Good morning, and happy Pi Day! This Sunday, here's your five-minute guide to the best of Protocol (and the internet) from the week that was, from Big Tech's fight against terrorism and misinformation to the human stock market.
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Best of Protocol
Tech spent years fighting foreign terrorists. Then came the Capitol riot, by Issie Lapowsky
- There are a lot of great bits in this story, but the part that's still stuck in my brain is how much of solving problems of misinformation and extremism comes down to definitions. "ISIS" is a thing. "QAnon" is a thing. But so much of what happens online comes from these undefinable, ever-changing groups with ever-changing plans and ideologies. Trying to take them on is like trying to hold water in your hands.
- History is an overlooked feature of the internet. Everything's happening, everything's available, and then everything's … gone? The Internet Archive is trying to preserve our digital world, but its job is harder than ever as that digital world moves into walled gardens and private spaces.
How Dapper Labs scored NBA crypto millions, by Tomio Geron
- Beeple might have scored the biggest sale, but Dapper and Top Shot are the biggest thing going in NFTs. The company behind it has been in the game longer than you might think, and has built a system it thinks can last.
- Come for Donato's explanation of what Roblox is trying to be and why the company sees itself as much more than a video game for kids. Stay for the way that Lil Nas X helped convince Roblox that it was time to go public.
How Amazon's S3 jumpstarted the cloud revolution, by Tom Krazit
- S3 has been around so long Amazon didn't even call it "the cloud" when it launched 15 years ago. But the Simple Storage Service changed the game for startups and big companies alike, and helped turn Amazon into an unstoppable force of internet infrastructure. Though, as Tom writes, it didn't happen overnight and it wasn't easy.
- Alternate title: "Why it's not crazy to release a Bluetooth speaker when everyone's been stuck at home for a year." Sonos is in the middle of a lot of tech's biggest stories, from audio-based AR to Big Tech's antitrust fight. And CEO Patrick Spence made clear that he's ready for all of it.
JOIN USJOIN US
Section 230 of the Communications Decency Act is the most-discussed and least-understood law governing the modern internet. This event will delve into the future of Section 230 and how to change the law without compromising the internet as we know it. Join Protocol's Emily Birnbaum and Issie Lapowsky in conversation with Senator Mark Warner. This event is presented by Internet Association.
Best of Everything Else
- It's dense, covers a lot of ground and you'll have to read about 1,400 books to understand all the references. But inside this interview is a treatise about what the next decade might look like, for the tech industry and the world in general. I suspect Collison's going to be right about a lot of it.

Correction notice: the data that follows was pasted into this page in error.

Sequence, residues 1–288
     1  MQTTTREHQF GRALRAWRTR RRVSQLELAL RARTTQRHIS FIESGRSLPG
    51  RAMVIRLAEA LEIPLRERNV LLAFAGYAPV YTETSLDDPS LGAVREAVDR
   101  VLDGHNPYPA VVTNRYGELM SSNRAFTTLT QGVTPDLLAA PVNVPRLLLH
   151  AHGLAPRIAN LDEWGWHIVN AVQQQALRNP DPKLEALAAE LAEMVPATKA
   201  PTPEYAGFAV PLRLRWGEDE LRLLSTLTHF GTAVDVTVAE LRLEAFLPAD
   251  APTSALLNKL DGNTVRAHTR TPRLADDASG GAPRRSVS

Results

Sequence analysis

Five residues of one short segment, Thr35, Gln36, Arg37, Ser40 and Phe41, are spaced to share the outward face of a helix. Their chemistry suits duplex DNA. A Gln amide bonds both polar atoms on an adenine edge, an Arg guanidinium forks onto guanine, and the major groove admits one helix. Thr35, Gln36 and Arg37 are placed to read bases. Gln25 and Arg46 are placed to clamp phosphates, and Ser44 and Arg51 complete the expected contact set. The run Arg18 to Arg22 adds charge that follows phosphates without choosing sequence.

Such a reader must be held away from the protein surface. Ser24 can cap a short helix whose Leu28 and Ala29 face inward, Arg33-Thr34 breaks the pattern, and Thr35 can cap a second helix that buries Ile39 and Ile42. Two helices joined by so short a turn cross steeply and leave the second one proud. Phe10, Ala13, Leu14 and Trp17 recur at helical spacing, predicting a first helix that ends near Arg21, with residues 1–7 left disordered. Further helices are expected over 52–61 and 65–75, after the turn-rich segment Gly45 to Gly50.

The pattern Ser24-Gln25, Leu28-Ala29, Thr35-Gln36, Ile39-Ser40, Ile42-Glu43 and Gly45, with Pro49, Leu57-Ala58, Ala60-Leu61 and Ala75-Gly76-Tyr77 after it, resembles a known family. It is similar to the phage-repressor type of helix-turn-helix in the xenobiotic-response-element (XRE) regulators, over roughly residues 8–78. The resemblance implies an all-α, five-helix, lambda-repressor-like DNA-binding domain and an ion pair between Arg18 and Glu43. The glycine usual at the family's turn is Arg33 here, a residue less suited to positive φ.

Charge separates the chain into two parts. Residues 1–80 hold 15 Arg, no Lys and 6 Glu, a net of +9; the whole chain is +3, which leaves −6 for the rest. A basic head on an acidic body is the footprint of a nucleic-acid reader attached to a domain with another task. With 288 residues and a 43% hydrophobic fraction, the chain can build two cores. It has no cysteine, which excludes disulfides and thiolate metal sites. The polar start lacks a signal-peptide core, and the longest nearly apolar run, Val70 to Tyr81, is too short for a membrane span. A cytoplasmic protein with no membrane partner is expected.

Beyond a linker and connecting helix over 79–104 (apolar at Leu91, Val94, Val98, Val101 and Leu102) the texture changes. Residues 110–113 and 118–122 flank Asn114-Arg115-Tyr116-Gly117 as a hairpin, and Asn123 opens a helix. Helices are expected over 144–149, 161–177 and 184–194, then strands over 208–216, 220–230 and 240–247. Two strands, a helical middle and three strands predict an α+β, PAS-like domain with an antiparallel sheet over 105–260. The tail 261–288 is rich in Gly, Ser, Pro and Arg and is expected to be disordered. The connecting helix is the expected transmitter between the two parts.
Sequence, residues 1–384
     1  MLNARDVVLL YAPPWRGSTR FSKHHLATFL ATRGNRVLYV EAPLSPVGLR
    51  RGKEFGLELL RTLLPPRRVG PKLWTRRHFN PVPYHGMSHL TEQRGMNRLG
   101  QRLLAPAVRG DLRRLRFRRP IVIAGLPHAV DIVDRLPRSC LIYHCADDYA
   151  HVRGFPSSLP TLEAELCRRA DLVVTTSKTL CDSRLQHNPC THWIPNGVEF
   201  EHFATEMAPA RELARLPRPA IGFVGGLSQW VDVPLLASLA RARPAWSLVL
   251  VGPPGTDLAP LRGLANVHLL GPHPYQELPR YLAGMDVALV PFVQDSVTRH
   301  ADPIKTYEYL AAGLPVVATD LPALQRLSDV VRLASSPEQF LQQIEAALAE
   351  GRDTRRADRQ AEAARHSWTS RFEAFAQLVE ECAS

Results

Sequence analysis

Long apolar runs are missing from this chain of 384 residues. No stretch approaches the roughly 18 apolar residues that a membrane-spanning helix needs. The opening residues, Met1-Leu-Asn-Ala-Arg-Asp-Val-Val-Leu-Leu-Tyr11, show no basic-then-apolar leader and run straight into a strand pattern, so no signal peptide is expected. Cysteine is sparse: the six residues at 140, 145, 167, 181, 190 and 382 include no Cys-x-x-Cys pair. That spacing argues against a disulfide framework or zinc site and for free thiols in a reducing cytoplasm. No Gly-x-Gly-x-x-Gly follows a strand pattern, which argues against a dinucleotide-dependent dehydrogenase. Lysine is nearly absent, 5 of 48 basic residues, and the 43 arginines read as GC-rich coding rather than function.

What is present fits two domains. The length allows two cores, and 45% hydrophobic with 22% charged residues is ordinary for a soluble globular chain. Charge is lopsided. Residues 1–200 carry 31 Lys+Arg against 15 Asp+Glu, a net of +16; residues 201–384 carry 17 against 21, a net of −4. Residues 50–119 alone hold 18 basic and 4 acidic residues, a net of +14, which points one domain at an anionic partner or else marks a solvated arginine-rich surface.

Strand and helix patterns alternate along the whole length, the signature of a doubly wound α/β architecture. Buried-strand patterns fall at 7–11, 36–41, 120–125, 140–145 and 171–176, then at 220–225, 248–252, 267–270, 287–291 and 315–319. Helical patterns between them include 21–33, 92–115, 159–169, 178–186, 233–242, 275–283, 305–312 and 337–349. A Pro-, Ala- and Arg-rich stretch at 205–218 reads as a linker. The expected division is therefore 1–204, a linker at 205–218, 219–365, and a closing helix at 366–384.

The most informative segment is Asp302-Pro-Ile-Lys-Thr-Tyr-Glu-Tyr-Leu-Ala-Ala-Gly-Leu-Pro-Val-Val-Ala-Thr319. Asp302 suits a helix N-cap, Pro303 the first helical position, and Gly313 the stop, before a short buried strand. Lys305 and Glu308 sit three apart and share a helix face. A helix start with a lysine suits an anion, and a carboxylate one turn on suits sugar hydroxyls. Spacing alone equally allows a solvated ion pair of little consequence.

For creators, everything is for sale — The New York Times
- The closest thing you'll read this week to (dystopian?) science fiction: A story about "human stock markets," and what it looks like when creators make every part of their lives monetizable and available for public consumption. I can't tell if this is fun or horrifying.
How to put out democracy's dumpster fire — The Atlantic
- It starts with de Tocqueville and ends with the internet, and in between it's a question of what it means to live in and preserve a democracy. In a world increasingly run by a handful of for-profit companies, a world that bends toward anger and division, is democracy even possible?
How Facebook got addicted to spreading misinformation — MIT Technology Review
- The tech industry is long overdue for a debate over what "responsible AI" means and how important it really is. Within Facebook, this story finds, it wasn't important enough; that the company's good people and good intentions were no match for its unrelenting drive for growth.
- You should also read Facebook CTO Mike Schroepfer's response via Platformer.
America's battery-powered car hopes ride on lithium. One producer paves the way. — The Wall Street Journal
- Countries around the world are working to become more self-sufficient in their tech needs. One way to do that: producing and refining their own lithium to make the batteries that will power, uh, everything. In the U.S., that means drilling in North Carolina, and that means Piedmont Lithium is a company you're going to want to know.
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Today's Source Code was written by David Pierce. Thoughts, questions, tips? Send them to firstname.lastname@example.org, or our tips line, email@example.com. Enjoy your day, see you tomorrow.